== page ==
Defining the Future of Government IT

Last week, GSA had the pleasure of hosting a roundtable in Washington, DC that brought together federal CIOs, CTOs, and thought leaders in technology from the public and private sectors. Together, they discussed the future of government IT, and how agencies should respond to shrinking budgets and increased expectations for workplace efficiency.

Owing to the growing disparity between shrinking budgets and the need for emerging technologies, agency CIOs are under increasing pressure to do more with less. This presents a significant challenge and a unique opportunity for GSA to bring agencies together to identify major IT challenges, share industry best practices, and develop innovative acquisition solutions to move government IT forward.

Mission-enhancing technologies

Participants at the roundtable identified the need for mission-enhancing technologies such as mobility, cloud, video, and agency-specific mobile applications to help agencies achieve improved workforce productivity. The Office of Management and Budget (OMB) has led the charge in defining a strategy for mobility and cloud through the 25-point IT reform plan, “cloud-first” policy, and Digital Government Strategy; however, strategies for both video and apps are still in their infancy.

These initiatives, combined with the current budget environment, have created a climate favorable to adopting mission-enhancing technologies. Implementation has encountered challenges, however, because resources are locked in legacy systems, and agencies frequently duplicate efforts to meet similar requirements. In fact, several CIOs at the roundtable reported a belief that infrastructure requirements are more common than dissimilar across agencies. Participants expressed interest in moving more basic requirements such as backbone networks to a service-based model.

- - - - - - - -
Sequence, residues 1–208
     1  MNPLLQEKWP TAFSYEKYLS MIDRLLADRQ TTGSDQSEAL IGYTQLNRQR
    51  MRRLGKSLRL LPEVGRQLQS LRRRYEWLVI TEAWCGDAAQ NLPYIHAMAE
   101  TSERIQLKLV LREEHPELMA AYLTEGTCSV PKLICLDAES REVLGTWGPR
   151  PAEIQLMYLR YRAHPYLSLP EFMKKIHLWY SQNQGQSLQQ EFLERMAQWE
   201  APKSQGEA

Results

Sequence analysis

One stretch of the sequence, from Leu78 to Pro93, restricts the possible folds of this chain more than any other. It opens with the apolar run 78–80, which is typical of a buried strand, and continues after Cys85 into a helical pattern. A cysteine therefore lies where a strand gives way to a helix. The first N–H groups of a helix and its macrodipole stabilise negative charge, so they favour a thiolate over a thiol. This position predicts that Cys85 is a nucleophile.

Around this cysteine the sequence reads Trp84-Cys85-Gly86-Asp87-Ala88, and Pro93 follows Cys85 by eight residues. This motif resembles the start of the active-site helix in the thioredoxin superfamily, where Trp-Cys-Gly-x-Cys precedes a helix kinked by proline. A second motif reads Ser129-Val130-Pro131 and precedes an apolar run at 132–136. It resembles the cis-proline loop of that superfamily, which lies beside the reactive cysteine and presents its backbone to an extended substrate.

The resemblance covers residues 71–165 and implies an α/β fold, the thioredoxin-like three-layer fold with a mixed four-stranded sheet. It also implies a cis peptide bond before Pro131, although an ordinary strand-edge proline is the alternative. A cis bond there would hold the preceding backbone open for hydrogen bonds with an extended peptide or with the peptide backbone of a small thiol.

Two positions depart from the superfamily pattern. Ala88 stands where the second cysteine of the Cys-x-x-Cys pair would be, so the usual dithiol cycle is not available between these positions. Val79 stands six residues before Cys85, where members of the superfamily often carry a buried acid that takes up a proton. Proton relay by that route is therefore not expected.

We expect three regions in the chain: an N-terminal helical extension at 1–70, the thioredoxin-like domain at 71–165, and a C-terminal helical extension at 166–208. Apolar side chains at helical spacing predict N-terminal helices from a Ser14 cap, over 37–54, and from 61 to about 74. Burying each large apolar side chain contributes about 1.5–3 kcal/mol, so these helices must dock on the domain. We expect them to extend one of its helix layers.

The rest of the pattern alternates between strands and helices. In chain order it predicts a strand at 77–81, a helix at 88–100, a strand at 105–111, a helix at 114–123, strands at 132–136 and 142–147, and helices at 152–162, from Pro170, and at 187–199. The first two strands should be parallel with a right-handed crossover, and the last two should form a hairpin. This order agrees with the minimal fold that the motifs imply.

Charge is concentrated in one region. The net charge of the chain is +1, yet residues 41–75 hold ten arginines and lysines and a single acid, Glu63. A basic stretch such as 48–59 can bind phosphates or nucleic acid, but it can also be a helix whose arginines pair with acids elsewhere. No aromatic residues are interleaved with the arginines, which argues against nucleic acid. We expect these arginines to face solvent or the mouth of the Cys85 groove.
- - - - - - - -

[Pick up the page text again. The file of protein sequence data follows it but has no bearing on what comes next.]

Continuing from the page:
In order to move government forward, agencies must find ways to shift their resources from legacy systems to emerging technologies, and deal with security and the consumerization of IT, while eliminating duplication by transitioning to government-wide shared services. The move to shared services will reduce costs by eliminating redundancy and leveraging the buying power of the federal government.

The industry participants are using IT as a strategic business asset to build competitive advantage through human resources, reduction in space/facilities, improving business processes, and enabling information sharing and mobility.

How GSA is stepping up to the plate

Roundtable participants frequently cited GSA as a key partner in helping to reduce costs and increase operational efficiency through programs like the Federal Risk and Authorization Management Program (FedRAMP), which was launched last week. FedRAMP provides agencies with a standardized approach to security assessment, authorization, and continuous monitoring by utilizing a “do once, use many” approach that simplifies the security approval process for cloud providers, thereby saving agencies precious time and money.

We have also helped agencies meet government-wide requirements through our Networx contract that has resulted in a savings of about $7.7 billion since 1999 as compared to commercial telecommunications prices.

Agencies are asking GSA to step up to the plate by leading the shift to mission-enhancing technologies. FedRAMP and Networx are two examples, but there is still work to be done. Government must continue working with agencies and industry to define requirements and develop IT acquisition solutions that enable agencies to get more for their mission. Meetings like last week’s roundtable help position GSA as a leader in driving that process.

Do you have an idea of how government can help eliminate duplication and leverage requirements? Post in the comments section below or follow us on Twitter @GSA_ITS to join the conversation.

About Mary Davie